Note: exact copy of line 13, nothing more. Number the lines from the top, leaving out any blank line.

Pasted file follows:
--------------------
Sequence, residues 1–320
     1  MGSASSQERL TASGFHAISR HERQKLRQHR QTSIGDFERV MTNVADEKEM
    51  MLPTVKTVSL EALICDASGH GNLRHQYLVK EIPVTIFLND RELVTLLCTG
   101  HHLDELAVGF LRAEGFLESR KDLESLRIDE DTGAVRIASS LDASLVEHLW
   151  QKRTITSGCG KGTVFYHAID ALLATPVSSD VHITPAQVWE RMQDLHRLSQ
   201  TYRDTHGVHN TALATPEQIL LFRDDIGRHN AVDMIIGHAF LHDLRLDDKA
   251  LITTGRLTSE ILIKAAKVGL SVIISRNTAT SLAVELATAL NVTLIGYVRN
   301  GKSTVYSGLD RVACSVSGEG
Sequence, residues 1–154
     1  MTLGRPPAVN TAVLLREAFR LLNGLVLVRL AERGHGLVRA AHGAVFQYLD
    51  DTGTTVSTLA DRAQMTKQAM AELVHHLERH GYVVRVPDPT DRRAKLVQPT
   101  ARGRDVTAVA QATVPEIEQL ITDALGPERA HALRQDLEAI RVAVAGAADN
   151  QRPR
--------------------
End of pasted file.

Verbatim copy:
   151  QRPR